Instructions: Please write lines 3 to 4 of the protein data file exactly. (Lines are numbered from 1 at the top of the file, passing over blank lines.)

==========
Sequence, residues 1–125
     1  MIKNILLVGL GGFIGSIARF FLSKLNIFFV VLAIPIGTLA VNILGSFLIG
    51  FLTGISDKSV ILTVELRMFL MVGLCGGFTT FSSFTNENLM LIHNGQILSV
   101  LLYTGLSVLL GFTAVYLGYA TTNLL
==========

    51  FLTGISDKSV ILTVELRMFL MVGLCGGFTT FSSFTNENLM LIHNGQILSV
   101  LLYTGLSVLL GFTAVYLGYA TTNLL